Mo Willems Has a Message for Parents: He’s Not on Your Side

During the first wave of the pandemic in the winter, Mo Willems’s ‘‘Lunch Doodles’’ series, in which the beloved children’s-book author and illustrator led viewers in endearingly no-frills online drawing sessions, was a lifeline to families desperate to exercise their imaginations during lockdown. (He pitched in again by hosting another doodle session on election night.) That Willems, who is 52, was ready to help during a hard, confusing time was no surprise. His two best-selling series of books — one about the odd couple Elephant and Piggie, the other about the mercurial Pigeon — resonate with the hard, confusing time of early childhood. In their whimsy, slapstick and emotional matter-of-factness, these books have established their creator as sort of a cross between Dr. Seuss and Charles Schulz, with all the responsibility that implies. ‘‘The idea that one of my books would be one of the first that a child reads on their own — that’s incredibly powerful,’’ says Willems, who just published the latest in his Unlimited Squirrels series, ‘‘I Want to Sleep Under the Stars!’’ ‘‘Reading by yourself is the first time you don’t need your parents to do something vital. It’s a liberation.’’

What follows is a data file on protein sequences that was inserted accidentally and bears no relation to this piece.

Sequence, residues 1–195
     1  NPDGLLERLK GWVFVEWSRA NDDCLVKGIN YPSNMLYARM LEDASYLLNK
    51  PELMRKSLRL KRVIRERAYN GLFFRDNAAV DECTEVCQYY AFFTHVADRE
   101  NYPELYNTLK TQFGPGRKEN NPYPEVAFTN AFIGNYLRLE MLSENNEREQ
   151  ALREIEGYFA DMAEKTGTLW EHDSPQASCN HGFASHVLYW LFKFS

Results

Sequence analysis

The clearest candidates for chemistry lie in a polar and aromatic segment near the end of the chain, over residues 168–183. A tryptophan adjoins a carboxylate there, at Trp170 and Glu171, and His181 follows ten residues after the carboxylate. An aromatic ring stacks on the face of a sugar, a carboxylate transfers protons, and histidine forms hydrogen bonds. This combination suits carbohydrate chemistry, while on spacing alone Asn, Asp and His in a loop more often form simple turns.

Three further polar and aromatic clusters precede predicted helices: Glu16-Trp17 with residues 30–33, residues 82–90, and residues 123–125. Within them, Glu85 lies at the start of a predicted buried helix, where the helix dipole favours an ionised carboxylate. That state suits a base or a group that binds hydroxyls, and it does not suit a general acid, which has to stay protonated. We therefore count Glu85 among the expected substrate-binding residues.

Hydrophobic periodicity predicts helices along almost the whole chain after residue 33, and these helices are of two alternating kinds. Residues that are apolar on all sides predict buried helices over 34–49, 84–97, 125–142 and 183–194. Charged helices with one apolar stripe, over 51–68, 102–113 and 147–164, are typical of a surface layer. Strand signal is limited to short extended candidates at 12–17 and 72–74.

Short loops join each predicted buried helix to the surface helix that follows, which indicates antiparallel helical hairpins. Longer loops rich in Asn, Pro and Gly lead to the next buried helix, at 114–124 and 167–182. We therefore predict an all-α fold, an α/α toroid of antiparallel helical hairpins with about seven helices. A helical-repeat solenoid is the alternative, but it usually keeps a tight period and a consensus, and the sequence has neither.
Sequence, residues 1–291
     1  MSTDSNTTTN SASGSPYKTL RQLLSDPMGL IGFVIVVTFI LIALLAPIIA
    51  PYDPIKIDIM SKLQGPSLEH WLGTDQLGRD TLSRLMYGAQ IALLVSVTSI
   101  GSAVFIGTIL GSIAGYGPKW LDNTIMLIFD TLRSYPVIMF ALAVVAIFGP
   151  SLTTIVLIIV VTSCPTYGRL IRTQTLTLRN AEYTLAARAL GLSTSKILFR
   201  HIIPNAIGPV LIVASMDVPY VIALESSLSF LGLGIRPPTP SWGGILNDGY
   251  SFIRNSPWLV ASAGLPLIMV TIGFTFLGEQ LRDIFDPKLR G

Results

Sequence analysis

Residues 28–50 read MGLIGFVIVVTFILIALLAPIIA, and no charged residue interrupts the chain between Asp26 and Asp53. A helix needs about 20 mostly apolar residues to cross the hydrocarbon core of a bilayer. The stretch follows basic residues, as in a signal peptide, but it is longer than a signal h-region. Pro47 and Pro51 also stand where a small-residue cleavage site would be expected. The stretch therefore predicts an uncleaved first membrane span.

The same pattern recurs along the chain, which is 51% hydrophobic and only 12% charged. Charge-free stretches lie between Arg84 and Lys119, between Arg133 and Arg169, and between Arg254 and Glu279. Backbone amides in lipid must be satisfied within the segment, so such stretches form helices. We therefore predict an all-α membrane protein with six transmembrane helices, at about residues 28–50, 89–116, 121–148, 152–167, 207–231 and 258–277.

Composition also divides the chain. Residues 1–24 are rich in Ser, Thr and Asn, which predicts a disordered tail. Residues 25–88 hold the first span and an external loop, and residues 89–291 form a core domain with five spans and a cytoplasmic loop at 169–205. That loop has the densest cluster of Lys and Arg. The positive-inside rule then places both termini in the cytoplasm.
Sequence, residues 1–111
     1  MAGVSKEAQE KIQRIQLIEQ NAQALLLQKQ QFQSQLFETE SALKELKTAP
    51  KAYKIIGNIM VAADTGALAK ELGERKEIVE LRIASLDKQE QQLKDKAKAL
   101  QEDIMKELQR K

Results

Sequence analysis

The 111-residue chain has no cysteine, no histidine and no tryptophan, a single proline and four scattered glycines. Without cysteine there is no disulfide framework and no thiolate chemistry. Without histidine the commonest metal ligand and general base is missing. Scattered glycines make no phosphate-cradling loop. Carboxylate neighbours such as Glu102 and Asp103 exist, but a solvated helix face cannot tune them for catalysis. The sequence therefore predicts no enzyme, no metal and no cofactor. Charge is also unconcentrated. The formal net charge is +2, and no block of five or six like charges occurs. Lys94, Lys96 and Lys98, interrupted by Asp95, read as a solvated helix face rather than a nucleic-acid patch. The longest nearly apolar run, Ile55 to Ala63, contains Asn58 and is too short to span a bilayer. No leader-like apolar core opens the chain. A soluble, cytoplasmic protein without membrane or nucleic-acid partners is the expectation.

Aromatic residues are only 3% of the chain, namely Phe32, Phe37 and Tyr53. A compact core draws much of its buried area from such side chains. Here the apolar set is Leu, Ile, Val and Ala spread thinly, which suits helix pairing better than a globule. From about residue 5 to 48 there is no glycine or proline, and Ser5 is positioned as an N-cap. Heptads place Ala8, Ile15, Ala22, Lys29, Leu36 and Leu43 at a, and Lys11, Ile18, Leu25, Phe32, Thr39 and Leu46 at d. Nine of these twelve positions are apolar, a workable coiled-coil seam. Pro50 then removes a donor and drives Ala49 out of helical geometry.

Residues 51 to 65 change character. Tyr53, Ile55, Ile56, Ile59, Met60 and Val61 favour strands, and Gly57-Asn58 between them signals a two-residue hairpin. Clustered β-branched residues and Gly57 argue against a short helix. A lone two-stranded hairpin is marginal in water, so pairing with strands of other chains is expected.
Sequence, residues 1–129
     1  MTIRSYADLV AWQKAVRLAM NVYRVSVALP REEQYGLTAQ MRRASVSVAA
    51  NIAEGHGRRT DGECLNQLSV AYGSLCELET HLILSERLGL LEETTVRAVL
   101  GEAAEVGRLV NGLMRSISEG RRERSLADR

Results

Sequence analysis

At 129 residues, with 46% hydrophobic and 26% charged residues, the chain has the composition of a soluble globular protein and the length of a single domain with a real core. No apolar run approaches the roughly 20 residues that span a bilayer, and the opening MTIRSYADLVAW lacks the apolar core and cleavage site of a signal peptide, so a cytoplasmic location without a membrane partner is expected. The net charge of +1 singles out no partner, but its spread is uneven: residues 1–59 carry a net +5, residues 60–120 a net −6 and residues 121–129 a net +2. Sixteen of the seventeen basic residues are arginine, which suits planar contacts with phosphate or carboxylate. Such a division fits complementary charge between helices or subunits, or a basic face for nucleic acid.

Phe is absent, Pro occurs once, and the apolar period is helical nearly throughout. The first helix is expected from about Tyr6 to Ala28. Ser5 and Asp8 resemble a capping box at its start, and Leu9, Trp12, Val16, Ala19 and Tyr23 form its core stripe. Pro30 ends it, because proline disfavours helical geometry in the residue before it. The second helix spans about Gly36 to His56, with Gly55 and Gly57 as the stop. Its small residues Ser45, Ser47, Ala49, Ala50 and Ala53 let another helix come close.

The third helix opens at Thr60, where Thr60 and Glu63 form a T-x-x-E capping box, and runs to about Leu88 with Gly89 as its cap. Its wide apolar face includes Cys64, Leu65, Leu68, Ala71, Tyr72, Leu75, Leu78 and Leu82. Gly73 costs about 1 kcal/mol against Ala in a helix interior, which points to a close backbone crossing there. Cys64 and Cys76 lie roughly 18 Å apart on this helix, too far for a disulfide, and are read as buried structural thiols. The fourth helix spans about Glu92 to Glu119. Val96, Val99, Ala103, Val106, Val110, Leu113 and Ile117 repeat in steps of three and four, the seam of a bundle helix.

When I was first putting together my questions for you, I realized that a lot of them had to do with things like how we can help kids with the ambient stress of parents’ worrying about the pandemic or politics. But maybe it’s wrong for me to assume that a successful children’s-book author has unique ideas about kids’ emotions. So let me ask you: Do you think you have special insights about kids? Probably the most fundamental insight is that even a good childhood is difficult: You’re powerless; the furniture is not made to your size. But when parents come up to me and ask, ‘‘How do you talk to the kid about the pandemic?’’ they’re asking me to be disloyal. They’re actually asking about a form of control. ‘‘Hey, you have this relationship with kids. Help me control them.’’ [Expletive] you! I’m not on your side. I wish there was a better way to say it. The real answer is: Show that you don’t know. Show them that you’re fumbling. Why wouldn’t you? How do you expect your child to fall and then stand up and say ‘‘That’s OK’’ when you won’t even say, ‘‘I don’t know how to discuss the pandemic with you’’? Are children not allowed to be upset? Does that inconvenience you? You want to protect and prepare them. But I’m not saying it’s easy.

If childhood is difficult, how’s middle age? Don’t send me back to childhood! I communicate better now. I’ve been with the love of my life for a quarter century. I love my kid — my kid is a person! My dream from the time I was probably 7 or 8 was to be 50. That was my goal.

Mo Willems in his Manhattan office in 2000.
Chester Higgins Jr./The New York Times